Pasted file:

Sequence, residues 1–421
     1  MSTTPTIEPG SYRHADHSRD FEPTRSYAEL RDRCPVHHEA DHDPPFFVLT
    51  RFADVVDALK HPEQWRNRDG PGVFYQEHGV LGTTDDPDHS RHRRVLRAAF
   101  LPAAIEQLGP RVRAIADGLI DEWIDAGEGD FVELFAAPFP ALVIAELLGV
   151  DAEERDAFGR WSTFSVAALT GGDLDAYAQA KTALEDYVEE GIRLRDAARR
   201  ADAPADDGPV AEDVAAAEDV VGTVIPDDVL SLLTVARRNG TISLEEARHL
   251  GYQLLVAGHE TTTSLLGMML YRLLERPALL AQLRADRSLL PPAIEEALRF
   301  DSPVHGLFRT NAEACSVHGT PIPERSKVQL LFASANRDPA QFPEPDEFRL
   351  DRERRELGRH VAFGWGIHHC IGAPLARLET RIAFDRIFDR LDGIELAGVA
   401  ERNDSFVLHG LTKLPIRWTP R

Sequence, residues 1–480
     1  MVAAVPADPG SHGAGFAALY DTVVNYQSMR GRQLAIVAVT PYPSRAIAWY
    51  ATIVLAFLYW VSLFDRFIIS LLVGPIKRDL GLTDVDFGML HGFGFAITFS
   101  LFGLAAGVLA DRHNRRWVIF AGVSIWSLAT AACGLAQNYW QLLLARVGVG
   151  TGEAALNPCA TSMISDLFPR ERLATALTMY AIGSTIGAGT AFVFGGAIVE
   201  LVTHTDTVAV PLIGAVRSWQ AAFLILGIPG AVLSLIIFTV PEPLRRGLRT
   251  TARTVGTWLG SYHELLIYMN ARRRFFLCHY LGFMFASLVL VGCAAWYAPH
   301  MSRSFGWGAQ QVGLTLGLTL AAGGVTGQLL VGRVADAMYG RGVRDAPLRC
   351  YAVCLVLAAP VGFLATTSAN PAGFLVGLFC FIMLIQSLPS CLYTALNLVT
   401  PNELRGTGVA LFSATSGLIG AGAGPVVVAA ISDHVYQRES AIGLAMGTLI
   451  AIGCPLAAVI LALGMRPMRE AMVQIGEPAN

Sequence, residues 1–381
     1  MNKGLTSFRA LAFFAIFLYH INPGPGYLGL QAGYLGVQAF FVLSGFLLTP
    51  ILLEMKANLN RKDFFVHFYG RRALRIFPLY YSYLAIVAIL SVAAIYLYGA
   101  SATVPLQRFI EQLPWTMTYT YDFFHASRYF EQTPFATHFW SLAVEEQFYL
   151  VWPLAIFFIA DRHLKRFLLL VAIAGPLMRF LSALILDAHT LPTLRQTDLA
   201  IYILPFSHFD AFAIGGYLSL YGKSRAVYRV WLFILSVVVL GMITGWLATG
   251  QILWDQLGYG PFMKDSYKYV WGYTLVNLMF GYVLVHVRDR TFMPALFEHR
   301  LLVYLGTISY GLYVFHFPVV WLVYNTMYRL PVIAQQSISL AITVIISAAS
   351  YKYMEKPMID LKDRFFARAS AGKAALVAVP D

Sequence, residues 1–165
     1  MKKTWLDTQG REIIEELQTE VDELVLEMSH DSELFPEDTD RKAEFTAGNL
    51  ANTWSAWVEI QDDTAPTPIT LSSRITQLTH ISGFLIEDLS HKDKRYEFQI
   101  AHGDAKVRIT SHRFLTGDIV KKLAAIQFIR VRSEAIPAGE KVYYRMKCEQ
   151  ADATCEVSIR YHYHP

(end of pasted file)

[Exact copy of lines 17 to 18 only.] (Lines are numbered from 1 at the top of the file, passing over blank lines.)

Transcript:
   251  TARTVGTWLG SYHELLIYMN ARRRFFLCHY LGFMFASLVL VGCAAWYAPH
   301  MSRSFGWGAQ QVGLTLGLTL AAGGVTGQLL VGRVADAMYG RGVRDAPLRC